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The BBC's Brian Barron
"His front-men have no doubt about the result of the election"
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Prof Antonio Martino, Forza Italia
"The left has turned this election into a referendum for or against Mr Berlusconi"
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Thursday, 10 May, 2001, 13:44 GMT 14:44 UK
Italy gears up for close election
Election posters
Two main alliances dominate the political scene
By Frances Kennedy in Rome

On Sunday Italians will be voting in a general election.

Though by law opinion polls cannot be published in the run-up to the vote, it is expected to be a close contest.

The race is between two main blocs, the centre-left coalition known as the Olive Tree and the centre-right Casa delle Liberta, or House of Freedoms, though there are a handful of small parties running independently.

The campaign has been highly personalised and focused on the leaders of the two main alliances, media mogul Silvio Berlusconi and former mayor of Rome, Francesco Rutelli.


The Olive Tree coalition comprises the parties that have governed Italy since 1996: the Democratic Left, the biggest party, the Greens; the People's Party, which descends from the old Christian Democrats; the tiny Italian Communist Party; as well as several small moderate forces which go under the name of the Daisy Alliance.

Francesco Rutelli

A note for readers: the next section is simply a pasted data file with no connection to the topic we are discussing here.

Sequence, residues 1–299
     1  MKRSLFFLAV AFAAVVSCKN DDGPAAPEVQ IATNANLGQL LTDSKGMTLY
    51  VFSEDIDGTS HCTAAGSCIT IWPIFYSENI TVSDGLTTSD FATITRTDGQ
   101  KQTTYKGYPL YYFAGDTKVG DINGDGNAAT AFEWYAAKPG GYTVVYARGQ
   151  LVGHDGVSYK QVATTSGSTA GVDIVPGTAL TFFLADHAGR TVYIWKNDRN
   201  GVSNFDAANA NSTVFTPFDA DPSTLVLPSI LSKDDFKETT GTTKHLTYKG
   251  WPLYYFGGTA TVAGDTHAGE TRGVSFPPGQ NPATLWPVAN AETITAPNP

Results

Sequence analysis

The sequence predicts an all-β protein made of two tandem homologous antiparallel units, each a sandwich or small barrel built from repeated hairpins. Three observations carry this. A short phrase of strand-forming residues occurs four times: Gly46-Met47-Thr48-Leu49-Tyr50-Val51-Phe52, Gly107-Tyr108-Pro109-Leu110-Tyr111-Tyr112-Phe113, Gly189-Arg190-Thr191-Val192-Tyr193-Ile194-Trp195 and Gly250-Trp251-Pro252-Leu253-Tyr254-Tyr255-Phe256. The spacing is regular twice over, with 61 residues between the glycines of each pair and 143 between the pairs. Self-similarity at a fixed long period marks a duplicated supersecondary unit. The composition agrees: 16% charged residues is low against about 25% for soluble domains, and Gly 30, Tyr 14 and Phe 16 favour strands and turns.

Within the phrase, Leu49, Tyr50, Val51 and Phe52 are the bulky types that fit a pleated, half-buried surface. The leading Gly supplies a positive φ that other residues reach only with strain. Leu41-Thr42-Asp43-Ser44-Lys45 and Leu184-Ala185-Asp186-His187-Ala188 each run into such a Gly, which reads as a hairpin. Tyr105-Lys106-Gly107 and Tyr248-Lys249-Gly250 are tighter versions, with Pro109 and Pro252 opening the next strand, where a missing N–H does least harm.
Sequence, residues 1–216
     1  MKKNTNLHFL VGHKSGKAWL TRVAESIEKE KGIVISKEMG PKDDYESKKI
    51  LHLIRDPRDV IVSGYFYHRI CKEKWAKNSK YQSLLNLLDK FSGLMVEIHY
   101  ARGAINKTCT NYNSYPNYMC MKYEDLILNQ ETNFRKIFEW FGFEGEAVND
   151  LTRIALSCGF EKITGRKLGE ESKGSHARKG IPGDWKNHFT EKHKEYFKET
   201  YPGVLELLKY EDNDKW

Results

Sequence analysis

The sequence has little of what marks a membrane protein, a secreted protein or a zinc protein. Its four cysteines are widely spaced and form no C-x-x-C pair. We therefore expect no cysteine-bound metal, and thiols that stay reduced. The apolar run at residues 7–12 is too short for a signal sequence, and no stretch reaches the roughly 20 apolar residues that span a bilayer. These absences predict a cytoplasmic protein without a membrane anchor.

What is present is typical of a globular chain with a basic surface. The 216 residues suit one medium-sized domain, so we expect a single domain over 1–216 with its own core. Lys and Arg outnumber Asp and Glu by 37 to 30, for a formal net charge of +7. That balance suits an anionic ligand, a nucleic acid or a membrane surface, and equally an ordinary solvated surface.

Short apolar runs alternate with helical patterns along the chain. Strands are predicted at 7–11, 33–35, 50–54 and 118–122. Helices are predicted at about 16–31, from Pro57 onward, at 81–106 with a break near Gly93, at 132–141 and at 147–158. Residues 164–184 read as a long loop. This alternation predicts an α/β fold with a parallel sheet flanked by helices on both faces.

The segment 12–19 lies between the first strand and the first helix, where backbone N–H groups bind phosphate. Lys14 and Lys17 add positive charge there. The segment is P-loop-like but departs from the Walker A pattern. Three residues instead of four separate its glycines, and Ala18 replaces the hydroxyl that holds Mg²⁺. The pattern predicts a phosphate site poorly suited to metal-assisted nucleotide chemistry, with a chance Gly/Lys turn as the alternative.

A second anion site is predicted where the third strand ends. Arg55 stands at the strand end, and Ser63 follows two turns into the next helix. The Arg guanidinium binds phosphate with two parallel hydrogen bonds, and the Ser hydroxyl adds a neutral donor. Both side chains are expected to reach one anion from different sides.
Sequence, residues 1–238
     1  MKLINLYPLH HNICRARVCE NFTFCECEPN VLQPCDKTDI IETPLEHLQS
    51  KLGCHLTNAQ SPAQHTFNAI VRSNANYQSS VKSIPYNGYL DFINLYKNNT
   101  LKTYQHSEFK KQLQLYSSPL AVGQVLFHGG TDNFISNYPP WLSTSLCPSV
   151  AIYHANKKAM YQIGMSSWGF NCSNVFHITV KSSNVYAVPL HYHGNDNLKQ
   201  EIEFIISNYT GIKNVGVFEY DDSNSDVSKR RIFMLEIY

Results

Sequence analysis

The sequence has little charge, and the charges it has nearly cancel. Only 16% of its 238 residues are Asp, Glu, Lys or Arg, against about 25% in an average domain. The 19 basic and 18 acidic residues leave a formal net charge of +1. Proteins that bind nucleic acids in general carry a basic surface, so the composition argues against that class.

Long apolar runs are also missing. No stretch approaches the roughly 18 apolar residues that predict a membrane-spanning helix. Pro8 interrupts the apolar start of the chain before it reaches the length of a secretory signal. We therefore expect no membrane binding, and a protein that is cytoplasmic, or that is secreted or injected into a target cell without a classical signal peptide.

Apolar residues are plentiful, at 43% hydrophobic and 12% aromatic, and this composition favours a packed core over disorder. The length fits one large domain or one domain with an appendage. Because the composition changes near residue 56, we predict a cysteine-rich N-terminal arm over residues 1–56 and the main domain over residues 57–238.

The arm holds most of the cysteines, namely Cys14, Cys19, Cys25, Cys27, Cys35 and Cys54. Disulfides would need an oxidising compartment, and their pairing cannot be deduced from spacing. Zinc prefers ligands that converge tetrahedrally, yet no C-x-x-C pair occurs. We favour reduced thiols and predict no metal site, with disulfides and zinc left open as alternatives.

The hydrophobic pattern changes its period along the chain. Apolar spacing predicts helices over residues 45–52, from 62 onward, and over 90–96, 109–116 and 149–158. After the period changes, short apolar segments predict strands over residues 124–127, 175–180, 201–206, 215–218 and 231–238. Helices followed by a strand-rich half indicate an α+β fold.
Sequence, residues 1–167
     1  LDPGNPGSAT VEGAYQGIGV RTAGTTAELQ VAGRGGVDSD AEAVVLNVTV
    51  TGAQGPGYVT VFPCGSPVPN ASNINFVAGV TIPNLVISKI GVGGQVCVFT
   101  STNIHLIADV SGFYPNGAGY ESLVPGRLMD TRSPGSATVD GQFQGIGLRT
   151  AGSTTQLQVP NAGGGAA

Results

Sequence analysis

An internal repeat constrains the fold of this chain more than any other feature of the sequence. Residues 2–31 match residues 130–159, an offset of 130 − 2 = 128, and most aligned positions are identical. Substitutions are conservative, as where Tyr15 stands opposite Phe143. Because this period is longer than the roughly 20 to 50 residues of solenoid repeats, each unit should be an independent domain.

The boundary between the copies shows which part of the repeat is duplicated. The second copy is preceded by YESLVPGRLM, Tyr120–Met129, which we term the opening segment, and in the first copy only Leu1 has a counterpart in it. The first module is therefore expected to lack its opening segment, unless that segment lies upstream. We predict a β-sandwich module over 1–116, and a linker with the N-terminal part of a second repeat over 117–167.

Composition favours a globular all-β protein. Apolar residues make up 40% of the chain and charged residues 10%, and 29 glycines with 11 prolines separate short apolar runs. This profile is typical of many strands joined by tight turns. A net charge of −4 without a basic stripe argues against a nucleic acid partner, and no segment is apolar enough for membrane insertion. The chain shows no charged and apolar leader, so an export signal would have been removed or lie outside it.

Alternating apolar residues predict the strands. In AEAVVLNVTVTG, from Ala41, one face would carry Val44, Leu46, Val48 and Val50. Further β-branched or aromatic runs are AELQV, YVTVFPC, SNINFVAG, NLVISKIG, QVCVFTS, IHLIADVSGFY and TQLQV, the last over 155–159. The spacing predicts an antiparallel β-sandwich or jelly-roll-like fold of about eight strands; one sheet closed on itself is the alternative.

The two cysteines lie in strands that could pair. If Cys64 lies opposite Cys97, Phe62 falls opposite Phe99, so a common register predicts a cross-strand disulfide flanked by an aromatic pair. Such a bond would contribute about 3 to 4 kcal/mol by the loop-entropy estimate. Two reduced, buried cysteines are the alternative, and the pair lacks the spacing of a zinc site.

Francesco Rutelli: leads a coalition of many small parties
But the leader and the prime ministerial candidate is not the current prime minister, Giuliano Amato, who was considered too much a part of Italy's political past.

Rather they have chosen Franceso Rutelli, the dashing former mayor of Rome who heads up the moderate Daisy Parties.

Fighting Mr Rutelli for the Prime Minister's chair that he occupied for seven months in 1994 is the media magnate Silvio Berlusconi.

His Casa delle Liberta alliance takes in his own party, Forza Italia; the Northern League, which has recently modified its separatist agenda; and Alleanza Nazionale, which has renounced its fascist past to transform into a democratic force. There are also two small Catholic parties.

Both of the alliances have components with very different political ideas so it is perhaps not surprising that policies have had even less space than usual in this campaign.


Mr Berlusconi has imposed a highly personalised campaign, trying to convince Italians that they are voting in a referendum for or against him.

Silvio Berlusconi
Silvio Berlusconi: criticised for conflict of interests
He's been much criticised for the unresolved conflict of interest between his billion-dollar empire and future public office, which he says he will sort out once he wins.

The media friendly Mr Rutelli has tried to focus on concrete proposals and has criticised his rival for refusing a face-to-face television debate.

He is disadvantaged by voter disappointment at what the Olive Tree coalition has achieved in its last mandate and internal bickering which saw them go through three prime ministers in five years.

Balance of power

In the final days before the vote, the non-aligned parties are being frantically courted.

The refounded Communists have refused appeals to form a united bloc against Mr Berlusconi and their candidates may well subtract vital votes from the Olive.

The radical party, which highlights civil rights and ethical issues, could also draw discontented voters away from both sides.

In Italy's hybrid system, 75% of candidates are elected by the first past the post system, 25% designated by proportional representation.

It is this proportional segment - where people vote for a party not an alliance - that will give a clear idea of the popularity of each force and determine their respective balance of power inside government.

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